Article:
   I need 5-10 minutes to take roll, sign
    notes, and open my lesson plan.
   I need your full attention when I am ready
    to begin today’s lesson.
   Take time to get yourself organized and
    settled down to begin today’s work.
         STRATEGY 3:
        Use Self Starters

1. Directions & materials
         STRATEGY 3:
        Use Self Starters

1. Directions & materials
2. 5 to 10 minutes
         STRATEGY 3:
        Use Self Starters

1. Directions & materials
2. 5 to 10 minutes
3. Most students already fluent
         STRATEGY 3:
        Use Self Starters

1. Directions & materials
2. 5 to 10 minutes
3. Most students already fluent
4. Work must be turned in
            STRATEGY 3:
           Use Self Starters
EXAMPLES:
 One paragraph: should colleges spend
  millions of education dollars on football?
 Calculate the average of…
 Pick a tool that can slice off a finger, then
  write 5 safety rules for its use.
 Should a mosque be built next to 9/11’s
  “ground zero” in New York? Why?
 List as many adjectives as you can.
 STRATEGY 4:
Proximity Control
        STRATEGY 4:
       Proximity Control

Reflection Question:
In your classroom who is giving
you the best attention…
       the kids in the front rows,
or
       the kids in the back?
      STRATEGY 4:
     Proximity Control


Move frequently throughout your
classroom to constantly create new
“front rows” of student attention.
                STRATEGY 4:
               Proximity Control
   Stay on the move during…
          Seatwork
          Lectures
          Demonstrations
          Group work
          Overhead presentations
   Don’t sit at your desk when students are
    present.
STRATEGY 5:
Use Time Limits
       STRATEGY 5:
       Use Time Limits

Reflection Question:

Do your students think they have
plenty of time to just kick back?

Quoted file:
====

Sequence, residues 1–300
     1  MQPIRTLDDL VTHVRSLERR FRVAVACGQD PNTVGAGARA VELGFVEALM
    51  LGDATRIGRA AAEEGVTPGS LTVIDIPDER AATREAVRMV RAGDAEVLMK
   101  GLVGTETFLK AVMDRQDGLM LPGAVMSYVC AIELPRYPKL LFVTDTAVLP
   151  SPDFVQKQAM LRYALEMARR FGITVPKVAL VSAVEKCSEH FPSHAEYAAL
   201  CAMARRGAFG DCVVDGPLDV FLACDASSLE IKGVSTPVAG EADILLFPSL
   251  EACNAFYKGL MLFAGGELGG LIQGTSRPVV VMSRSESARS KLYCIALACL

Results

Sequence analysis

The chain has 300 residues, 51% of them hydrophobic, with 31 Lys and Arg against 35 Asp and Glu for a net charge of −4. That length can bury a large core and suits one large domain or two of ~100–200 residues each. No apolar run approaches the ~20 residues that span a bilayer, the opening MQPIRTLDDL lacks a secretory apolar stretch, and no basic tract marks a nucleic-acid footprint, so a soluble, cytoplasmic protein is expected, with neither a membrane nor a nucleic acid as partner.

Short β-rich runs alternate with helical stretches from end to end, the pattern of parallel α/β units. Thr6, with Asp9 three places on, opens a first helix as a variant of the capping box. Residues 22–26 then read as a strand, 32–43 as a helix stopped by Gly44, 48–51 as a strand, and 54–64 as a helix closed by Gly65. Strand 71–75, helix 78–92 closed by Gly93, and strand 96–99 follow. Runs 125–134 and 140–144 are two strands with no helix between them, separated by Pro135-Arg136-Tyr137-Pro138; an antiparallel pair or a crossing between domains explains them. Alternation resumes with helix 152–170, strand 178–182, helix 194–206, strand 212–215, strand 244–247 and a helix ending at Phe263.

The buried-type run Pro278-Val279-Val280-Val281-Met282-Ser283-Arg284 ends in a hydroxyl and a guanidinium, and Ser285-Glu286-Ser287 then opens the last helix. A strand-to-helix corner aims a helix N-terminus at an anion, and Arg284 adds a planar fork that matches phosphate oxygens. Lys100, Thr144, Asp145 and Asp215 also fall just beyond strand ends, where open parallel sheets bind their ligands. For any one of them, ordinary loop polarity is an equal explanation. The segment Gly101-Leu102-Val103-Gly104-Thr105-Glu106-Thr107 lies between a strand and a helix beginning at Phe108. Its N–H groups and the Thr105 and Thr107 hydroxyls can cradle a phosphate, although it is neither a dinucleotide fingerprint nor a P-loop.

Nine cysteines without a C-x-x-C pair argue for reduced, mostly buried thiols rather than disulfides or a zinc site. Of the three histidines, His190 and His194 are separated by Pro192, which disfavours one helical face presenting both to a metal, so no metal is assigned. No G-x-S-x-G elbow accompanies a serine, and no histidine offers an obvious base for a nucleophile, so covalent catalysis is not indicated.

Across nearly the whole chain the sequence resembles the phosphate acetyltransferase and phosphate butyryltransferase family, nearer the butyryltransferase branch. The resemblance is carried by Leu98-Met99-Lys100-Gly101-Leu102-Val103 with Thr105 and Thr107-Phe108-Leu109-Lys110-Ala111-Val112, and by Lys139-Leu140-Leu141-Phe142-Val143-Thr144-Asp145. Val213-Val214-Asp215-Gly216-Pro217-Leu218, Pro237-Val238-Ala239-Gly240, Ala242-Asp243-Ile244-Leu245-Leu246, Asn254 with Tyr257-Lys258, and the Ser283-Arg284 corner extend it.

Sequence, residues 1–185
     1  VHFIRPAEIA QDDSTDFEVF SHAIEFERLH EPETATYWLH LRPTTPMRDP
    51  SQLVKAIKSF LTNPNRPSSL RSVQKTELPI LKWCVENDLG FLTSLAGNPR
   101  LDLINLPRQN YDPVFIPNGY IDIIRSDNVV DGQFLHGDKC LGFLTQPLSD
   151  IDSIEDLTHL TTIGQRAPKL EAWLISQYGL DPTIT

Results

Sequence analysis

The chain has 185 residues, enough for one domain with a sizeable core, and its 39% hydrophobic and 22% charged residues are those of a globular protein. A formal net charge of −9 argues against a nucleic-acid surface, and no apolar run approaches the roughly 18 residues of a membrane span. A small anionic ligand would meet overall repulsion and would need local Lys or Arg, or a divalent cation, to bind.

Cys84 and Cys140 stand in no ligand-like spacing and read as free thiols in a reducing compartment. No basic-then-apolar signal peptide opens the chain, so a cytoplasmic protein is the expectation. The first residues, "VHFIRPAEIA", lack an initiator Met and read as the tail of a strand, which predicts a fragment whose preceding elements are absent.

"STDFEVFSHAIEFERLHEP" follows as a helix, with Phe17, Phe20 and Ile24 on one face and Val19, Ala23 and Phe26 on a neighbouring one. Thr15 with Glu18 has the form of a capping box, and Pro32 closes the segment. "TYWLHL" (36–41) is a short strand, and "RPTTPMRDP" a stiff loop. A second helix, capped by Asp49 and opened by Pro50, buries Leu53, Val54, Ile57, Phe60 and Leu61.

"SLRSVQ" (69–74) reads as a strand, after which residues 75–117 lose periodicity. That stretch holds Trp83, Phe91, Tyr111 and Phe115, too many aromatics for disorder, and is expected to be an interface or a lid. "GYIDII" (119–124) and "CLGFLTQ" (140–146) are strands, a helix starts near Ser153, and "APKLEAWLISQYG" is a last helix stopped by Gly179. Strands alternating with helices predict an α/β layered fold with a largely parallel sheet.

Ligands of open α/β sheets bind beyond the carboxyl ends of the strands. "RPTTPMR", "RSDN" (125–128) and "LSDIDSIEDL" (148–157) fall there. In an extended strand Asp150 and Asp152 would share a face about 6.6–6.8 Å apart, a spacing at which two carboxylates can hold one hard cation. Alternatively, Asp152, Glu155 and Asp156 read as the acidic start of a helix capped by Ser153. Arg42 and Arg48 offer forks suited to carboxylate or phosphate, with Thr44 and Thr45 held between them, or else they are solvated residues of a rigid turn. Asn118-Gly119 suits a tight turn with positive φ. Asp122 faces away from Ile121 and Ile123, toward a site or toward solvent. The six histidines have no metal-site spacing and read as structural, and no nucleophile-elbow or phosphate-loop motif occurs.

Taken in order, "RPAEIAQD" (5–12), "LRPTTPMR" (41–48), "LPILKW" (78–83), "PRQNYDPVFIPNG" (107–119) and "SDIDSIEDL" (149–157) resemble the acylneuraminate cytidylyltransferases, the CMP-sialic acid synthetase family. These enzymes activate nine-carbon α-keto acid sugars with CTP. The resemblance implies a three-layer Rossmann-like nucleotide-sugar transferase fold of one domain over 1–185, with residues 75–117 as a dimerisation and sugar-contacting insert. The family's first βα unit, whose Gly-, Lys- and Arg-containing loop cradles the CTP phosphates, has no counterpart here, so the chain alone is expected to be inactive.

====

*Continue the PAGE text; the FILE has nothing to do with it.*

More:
STRATEGY 5:
               Use Time Limits
Time as a Teacher’s Ally:
   Improves our efficiency
   Motivate students
   Keep activities fresh, our pacing crisp
   Help them learn to manage their time
   Anchor students in the moment
   Communicates that you are organized
         STRATEGY 5:
     Making Time YOUR Ally

1. Sub-divide block periods
2. Post today’s schedule
3. Give a clear time limit for each task
4. Give 1-2 minute warnings
5. Use a timer or a watch
6. Make use of “wait time”
    STRATEGY 6:
Manage Your Transitions
     STRATEGY 6:
 Manage Your Transitions


What bugs you about your
       transitions?
    STRATEGY 6:
Manage Your Transitions
         STRATEGY 6:
     Manage Your Transitions
1. Be prepared!
2. Use your attention signal.
3. Explain your expectations.
4. Opportunity to ask questions.
5. Signal to begin, use social cues.
6. 5-second warning
7. Use your attention signal.
           STRATEGY 6:
         More Transition Tips
1. “Ticket”: write down 1st & 2nd things you
     will do when you enter the shop.
2.   “Sell” the next activity.
3.   Prepare an attention grabber.
4.   Try to simplify by numbering the next
     steps students are to take.
5.   Give a warning that a transition is about
     to occur
3 Strategies to Develop
 Positive Relationships
STRATEGY 7:
Show You Care
           STRATEGY 7:
           Show You Care
1. Smile often
2. Use names
3. Share a laugh
4. Notice your students
5. Greet your students at the door
           STRATEGY 7:
           Show You Care
1. Smile often
2. Use names
3. Share a laugh
4. Notice your students
5. Greet your students at the door


CAUTION: Be the teacher, not the peer.
STRATEGY 8:
 Build Trust
          STRATEGY 8:
           Build Trust
1. If you say it, mean it.
             STRATEGY 8:
              Build Trust
1. If you say it, mean it.
2. Be consistent.
             STRATEGY 8:
              Build Trust
1. If you say it, mean it.
2. Be consistent.
3. Be the professional.
STRATEGY 9:
Show Respect
    STRATEGY 9:
    Show Respect
The only thing we can
   really control…

   … is ourselves!
            STRATEGY 9: